Zia Housing for Renters
Finding the perfect rental home in New Mexico has never been easier. If you don't find what you're looking today for please check back tomorrow. New rental listings are added frequently. The Zia Housing Rental Housing Request Form goes to area property managers. Landlords may have something that is not listed on Zia Housing coming available soon. Remember to tell them you found them on Zia Housing!
Application: Professional property managers will generally require a prospective resident to complete a rental application. It is normal for there to be application fees. Typically, a background check is run including a credit check, checks of national databases for evictions, and criminal records including the national sex offender database. There should be comfort in knowing that your future neighbors had received the same tenant screening prior to their acceptance. Be truthful in the information you provide on the application. False information can, in many instances, be grounds for your application to be denied. Further, providing false information on your application could be grounds for eviction later.
Security Deposits: Security deposits must be reconciled, and balances mailed thirty days from a move out that is noticed in writing. In other words, your landlord must give you a detail of any charges assessed against your deposit and refund the balance remaining within thirty days of your move out. This is their obligation and your right.
Written Notice: Even if your lease has expired or is expiring you should always provide at least thirty-day written notice of your move out. Check your lease because some leases may require more than 30-days. Most leases allow the landlord to assess charges for re-letting if you fail to give written notice or if you do not fulfil your lease terms. It is good practice to send such notice by certified mail. Hand delivery with the landlord's representative signing a copy for your records is a good second option. Make sure this notice includes your forwarding address. If not, the landlord may mail the final deposit disposition to last known address. If you don't know where you'll be, leave the address of a relative or trustworthy friend. Some leases require notice be given on the first of the month for the end of that month while other leases allow for any thirty-day time period. Again, read the lease to know the requirements.
Federal Fair Housing Laws: Fair Housing is the law. You may not be denied housing or be treated differently because of your race, national origin, age, religion, family status, color or ethnic background. Some states may have additional protections.
Landlords can set reasonable occupancy limits as well as qualifications based on your rental history, credit history and criminal background. There are special provisions for seniors housing.
The Lease: A lease is a legal contract. Read the lease to understand your obligations as well as the responsibilities of the landlord. It is our recommendation that a standardized lease form from the State Board of Realtors or local apartment association be used.
Be careful when leasing a home that will be for sale while you are living in it. In the current markets there are many single-family property owners that would like to rent you a house on a lease while they try and sell the home. Our advice, don't do it unless the reduced rental rate compensates you for the aggravation and time in dealing with real estate agents showing the property at times that may not be convenient to you and your family and you are ready to be asked to move when the property sells. Additionally, many owners try and get tenants to sign leases that obligate the tenant for a period of 6,9, or even 12 months but want to be able to move the tenant out for a new buyer with 30 days' notice. Again, we would advise a renter to stay away from this arrangement.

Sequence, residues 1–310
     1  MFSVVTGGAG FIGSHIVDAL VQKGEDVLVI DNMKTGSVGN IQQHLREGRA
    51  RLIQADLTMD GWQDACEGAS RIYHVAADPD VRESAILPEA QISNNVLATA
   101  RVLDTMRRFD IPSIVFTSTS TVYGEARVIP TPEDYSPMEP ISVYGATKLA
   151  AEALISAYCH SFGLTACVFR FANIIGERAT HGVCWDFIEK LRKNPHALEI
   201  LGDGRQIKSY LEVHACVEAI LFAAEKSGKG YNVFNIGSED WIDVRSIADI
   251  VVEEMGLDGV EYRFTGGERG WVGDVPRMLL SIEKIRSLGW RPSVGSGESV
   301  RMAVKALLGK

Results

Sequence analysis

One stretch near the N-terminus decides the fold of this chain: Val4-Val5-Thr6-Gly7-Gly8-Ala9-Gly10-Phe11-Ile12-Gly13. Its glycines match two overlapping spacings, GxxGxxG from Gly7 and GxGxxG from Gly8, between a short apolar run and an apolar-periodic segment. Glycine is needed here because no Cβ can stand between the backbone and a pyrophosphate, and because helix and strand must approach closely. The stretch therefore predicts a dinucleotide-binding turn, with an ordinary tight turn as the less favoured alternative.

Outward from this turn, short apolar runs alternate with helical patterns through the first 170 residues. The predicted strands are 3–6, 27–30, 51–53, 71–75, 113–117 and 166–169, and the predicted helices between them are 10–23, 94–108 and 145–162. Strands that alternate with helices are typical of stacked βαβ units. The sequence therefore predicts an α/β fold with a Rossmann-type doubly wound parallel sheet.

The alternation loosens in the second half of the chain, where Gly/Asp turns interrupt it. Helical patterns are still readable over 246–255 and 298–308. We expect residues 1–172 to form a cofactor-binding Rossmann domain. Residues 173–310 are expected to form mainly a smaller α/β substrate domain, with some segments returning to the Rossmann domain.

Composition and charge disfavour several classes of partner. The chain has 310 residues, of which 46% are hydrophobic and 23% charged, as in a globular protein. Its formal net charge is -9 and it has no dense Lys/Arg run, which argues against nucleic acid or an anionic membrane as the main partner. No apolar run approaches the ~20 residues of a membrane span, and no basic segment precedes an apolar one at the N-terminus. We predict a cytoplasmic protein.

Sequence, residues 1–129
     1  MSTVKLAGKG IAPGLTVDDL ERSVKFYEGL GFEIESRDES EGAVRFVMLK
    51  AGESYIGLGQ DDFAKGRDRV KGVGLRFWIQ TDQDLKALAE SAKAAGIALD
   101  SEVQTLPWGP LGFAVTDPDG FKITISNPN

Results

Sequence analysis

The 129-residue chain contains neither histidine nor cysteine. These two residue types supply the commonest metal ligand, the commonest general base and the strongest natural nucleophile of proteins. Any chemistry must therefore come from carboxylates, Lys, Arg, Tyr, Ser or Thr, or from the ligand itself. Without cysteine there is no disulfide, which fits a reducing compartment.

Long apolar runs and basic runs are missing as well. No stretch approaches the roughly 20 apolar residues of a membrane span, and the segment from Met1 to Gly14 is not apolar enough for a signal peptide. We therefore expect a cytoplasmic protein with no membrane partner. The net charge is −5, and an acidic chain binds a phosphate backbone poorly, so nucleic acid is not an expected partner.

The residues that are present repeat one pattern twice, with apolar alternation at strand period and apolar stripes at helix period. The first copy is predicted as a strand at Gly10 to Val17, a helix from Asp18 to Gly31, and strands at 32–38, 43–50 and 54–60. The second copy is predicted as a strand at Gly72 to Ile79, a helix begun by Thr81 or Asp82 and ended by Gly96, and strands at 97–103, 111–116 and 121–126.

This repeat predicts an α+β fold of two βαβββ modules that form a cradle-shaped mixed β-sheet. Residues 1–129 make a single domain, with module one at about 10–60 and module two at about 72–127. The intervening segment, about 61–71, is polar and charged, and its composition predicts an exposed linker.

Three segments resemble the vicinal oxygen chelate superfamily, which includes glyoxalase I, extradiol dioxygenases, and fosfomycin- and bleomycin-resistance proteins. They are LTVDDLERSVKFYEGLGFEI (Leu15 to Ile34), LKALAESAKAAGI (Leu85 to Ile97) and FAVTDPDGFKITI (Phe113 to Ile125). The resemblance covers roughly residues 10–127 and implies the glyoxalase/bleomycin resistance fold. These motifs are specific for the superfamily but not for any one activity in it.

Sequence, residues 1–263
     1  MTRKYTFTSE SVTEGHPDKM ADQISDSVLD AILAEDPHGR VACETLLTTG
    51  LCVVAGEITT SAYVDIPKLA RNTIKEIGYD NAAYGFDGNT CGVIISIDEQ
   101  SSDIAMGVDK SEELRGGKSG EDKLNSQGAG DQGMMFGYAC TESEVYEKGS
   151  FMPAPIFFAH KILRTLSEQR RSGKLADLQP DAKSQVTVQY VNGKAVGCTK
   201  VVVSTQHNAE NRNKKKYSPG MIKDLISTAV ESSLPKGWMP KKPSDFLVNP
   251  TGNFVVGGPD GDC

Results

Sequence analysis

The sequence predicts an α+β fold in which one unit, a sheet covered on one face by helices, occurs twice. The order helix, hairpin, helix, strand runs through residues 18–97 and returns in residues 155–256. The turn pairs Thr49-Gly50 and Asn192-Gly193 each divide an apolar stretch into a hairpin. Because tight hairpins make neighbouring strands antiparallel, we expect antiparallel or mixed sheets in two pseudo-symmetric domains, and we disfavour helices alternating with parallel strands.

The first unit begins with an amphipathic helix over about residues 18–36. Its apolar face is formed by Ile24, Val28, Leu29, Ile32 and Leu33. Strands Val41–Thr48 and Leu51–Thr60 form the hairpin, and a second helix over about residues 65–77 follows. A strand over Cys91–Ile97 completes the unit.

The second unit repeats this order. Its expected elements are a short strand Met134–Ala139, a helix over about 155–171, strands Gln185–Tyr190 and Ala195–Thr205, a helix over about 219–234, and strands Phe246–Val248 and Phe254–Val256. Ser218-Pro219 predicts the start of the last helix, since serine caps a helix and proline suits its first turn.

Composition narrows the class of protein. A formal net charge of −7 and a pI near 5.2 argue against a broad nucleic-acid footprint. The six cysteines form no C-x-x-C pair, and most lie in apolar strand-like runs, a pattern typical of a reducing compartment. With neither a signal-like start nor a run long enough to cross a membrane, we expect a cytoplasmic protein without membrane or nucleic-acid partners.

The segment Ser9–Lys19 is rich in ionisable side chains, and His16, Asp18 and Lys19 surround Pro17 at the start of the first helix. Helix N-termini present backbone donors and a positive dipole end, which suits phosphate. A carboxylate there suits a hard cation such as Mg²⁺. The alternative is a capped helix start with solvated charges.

Utilities: Understand who will be responsible for the payment of each utility and make sure this information is clearly stated in the lease. If the landlord is paying for critical a utility like gas, water or electric make sure you have a 24-hour contact number in case of disconnection. If the utility is not in your name reporting outages can be difficult. It is good to check in advance of signing a lease what deposits may be necessary to connect service in your name. These deposits can dramatically increase your moving costs and you do not want to be under a new lease contract and find you are short the funds to make the move.
Phone Service and Cable: It is good to make sure the phone lines, cable lines and Internet access lines are in good working order. At least get this assurance in the lease. If not, you could be spending your own money to get these lines operational.
Maintenance: Always put your maintenance requests in writing and keep a record. It is inadvisable to deduct maintenance expenses you have paid from the rent, unless this is agreed upon in writing with your landlord. In the case of renting a house, be certain you know if you will be responsible for items such as lawn maintenance and pest control.
Remember, you are the customer. People on average pay 30% of their income on housing costs. If your prospective property manager or owner makes you feel like you are not an important customer, you may want to keep looking. A good property manager, in our opinion, is as important as the property you choose to lease.